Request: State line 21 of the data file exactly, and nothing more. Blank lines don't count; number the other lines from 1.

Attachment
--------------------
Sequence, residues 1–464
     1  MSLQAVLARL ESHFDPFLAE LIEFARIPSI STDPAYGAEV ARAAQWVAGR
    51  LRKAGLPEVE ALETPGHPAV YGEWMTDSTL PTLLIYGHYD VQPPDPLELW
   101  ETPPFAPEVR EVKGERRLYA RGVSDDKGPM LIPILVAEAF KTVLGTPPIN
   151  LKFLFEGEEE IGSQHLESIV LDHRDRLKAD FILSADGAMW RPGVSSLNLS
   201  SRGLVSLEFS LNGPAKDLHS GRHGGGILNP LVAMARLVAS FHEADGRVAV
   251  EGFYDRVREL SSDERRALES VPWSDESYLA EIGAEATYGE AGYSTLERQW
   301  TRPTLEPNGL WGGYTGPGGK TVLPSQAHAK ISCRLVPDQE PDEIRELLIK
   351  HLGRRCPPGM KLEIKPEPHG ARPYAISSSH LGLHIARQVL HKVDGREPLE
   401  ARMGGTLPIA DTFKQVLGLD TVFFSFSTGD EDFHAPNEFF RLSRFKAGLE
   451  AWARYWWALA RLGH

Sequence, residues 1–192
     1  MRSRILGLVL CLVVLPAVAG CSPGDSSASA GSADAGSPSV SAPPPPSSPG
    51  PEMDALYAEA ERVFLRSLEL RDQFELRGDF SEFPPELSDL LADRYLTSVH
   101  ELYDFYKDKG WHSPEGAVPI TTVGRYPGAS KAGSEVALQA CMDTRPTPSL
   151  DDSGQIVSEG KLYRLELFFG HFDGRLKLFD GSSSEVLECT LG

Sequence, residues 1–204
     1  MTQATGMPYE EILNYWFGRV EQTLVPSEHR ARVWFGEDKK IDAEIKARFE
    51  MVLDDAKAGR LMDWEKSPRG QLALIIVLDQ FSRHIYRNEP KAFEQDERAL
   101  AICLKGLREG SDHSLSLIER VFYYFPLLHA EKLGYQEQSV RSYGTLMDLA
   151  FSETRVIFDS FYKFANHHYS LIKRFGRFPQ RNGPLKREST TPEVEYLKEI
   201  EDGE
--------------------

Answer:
   151  FSETRVIFDS FYKFANHHYS LIKRFGRFPQ RNGPLKREST TPEVEYLKEI